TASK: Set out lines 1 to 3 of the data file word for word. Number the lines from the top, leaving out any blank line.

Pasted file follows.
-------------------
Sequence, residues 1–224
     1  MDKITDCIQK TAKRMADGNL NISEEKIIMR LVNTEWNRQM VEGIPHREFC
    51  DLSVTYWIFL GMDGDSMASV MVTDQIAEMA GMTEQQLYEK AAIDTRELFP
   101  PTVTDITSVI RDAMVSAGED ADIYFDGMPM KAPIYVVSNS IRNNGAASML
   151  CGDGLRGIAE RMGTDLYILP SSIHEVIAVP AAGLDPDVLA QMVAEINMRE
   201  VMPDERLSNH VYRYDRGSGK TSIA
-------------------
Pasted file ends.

Sequence, residues 1–224
     1  MDKITDCIQK TAKRMADGNL NISEEKIIMR LVNTEWNRQM VEGIPHREFC
    51  DLSVTYWIFL GMDGDSMASV MVTDQIAEMA GMTEQQLYEK AAIDTRELFP